The writer’s voice includes sentence structure, length, tone, style, word choice, pacing and other nuances. It is so important to recognize your voice when editing each scene.
Listen to this example of voice (a fun spoof of a song, but you get the idea):
How to Edit Each Scene And Keep Your Voice:
*Before editing read through the scene once. Make a note of any things you feel are specifically your voice. How fast does it move? What word choices and sentence length do you have?
*Remember Poor Craft Is Not Voice. This is particularly difficult for newer writers. Is it okay to break the rules? Only once in a rare while and make sure it’s something you want to fight for because it could cost you some opportunities.
*Make Editing Changes. During this part, don’t worry as much about voice, unless what edits your crit buddy recommends goes so far off the mark you couldn’t write it like that.
*Don’t Agonize About The Changes. Remember that if you save the old draft, you can go back and change things again if you are unhappy with the outcome. Just make the changes before analyzing further.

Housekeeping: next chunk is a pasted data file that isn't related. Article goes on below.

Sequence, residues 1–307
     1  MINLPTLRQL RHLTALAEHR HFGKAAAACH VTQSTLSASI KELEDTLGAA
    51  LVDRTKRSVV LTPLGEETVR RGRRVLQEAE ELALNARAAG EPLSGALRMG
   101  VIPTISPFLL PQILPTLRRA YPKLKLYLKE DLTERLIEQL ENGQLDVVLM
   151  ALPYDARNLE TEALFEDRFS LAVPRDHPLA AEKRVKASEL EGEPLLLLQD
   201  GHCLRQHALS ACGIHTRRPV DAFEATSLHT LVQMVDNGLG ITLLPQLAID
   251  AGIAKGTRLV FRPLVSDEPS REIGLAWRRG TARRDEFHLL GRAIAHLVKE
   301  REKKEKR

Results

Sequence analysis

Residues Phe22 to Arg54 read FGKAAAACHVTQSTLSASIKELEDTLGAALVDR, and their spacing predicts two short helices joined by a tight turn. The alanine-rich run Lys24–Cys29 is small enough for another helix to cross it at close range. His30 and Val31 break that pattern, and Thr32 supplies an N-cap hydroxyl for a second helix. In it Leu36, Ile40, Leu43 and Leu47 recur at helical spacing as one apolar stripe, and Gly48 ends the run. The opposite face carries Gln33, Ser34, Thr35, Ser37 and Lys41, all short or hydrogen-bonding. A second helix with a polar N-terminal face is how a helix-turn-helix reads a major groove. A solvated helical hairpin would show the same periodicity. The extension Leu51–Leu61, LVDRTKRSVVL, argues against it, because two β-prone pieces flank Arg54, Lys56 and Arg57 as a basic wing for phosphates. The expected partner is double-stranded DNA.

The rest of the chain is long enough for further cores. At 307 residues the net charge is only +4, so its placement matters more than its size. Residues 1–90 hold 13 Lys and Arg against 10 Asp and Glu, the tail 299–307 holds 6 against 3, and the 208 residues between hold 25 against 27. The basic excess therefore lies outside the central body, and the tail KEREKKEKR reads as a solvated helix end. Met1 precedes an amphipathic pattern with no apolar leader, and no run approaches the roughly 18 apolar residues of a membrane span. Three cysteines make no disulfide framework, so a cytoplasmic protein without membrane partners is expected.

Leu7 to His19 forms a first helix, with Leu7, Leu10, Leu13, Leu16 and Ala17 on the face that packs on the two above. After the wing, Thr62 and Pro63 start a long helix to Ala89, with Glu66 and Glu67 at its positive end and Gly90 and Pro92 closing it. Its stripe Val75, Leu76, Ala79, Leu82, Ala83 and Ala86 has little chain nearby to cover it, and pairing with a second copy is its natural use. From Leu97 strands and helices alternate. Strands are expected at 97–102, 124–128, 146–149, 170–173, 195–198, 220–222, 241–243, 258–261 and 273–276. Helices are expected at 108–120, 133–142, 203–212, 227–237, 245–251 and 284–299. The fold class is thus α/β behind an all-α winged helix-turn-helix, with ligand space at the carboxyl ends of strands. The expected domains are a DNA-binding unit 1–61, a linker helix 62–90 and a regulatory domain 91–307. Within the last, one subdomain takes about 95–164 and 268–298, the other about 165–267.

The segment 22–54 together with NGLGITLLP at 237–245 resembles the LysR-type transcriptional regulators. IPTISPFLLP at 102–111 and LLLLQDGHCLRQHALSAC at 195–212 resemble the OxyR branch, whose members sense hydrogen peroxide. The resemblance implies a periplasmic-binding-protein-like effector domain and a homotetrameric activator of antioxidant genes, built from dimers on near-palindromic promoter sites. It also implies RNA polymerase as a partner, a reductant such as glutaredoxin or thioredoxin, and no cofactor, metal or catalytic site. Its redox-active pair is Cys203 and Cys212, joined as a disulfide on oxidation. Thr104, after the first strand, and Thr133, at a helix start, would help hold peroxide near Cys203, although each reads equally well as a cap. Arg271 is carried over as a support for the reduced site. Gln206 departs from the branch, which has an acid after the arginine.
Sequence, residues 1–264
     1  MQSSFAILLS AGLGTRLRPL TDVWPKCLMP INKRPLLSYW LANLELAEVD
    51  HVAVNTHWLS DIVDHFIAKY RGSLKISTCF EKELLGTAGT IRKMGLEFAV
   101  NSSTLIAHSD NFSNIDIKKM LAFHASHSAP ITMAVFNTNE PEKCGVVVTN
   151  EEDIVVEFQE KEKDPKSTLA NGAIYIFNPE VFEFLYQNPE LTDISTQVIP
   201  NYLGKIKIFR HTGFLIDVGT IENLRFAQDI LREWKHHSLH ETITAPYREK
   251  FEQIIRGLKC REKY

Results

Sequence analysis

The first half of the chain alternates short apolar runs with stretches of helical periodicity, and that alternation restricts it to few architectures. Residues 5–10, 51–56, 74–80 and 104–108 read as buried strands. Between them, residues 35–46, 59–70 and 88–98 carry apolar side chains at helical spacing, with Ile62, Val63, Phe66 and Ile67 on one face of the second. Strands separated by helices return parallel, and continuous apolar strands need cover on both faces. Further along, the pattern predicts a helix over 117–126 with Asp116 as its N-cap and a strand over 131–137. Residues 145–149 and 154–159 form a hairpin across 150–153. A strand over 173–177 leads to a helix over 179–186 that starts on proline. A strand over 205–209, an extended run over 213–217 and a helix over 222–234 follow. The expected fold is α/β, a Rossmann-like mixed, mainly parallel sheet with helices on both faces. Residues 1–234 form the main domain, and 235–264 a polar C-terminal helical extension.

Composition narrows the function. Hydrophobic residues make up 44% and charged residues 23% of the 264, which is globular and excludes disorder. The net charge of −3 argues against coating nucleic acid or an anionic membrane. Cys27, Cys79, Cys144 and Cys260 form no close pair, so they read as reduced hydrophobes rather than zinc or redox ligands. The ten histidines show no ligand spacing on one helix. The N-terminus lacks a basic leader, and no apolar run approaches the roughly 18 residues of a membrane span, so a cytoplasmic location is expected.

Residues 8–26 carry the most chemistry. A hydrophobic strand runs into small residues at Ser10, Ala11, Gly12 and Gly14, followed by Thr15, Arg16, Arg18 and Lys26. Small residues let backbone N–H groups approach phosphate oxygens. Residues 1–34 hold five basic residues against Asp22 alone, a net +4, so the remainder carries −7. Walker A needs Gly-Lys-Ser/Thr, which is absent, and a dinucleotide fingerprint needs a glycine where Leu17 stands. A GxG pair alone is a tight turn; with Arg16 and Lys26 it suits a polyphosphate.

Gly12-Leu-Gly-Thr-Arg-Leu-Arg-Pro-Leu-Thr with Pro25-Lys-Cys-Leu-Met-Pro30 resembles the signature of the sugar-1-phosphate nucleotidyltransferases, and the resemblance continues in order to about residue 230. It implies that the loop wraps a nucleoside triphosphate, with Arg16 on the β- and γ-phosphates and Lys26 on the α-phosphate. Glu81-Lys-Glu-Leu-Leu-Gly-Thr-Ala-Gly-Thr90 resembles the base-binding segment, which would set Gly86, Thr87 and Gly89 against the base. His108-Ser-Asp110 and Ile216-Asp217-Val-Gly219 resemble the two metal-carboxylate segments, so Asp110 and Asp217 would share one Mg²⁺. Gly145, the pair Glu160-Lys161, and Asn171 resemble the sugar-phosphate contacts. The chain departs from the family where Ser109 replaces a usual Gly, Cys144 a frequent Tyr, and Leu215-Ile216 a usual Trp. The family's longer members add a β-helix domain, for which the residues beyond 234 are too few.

*Go Back And Reread the Scene With The New Edits And Finesse. If there are pieces that don’t sound like you, try to finesse the change to reflect your own voice, but still solve the problem with the original draft.
*Finally, Read Both Scenes Out Loud To See If They Sound Like You. This is a way to double check that your voice is still coming through on the page. The further along you are in your craft, the less purposeful you will have to be about this as you get to know your voice better. For now, make the steps concrete so it is easy.
*If You Are Still In Doubt, Get A Second Opinion. Ask a friend you know to listen to both selections and give their best guess if they are the same writer after you have read them out loud. Ask them to tell you why they do or don’t think that.
Your turn. Try to stump us. Give two one sentence or two writing samples and we will guess if it is the same writer or not and give our reasons why. You’d be surprised what we can learn about voice from this one simple exercise.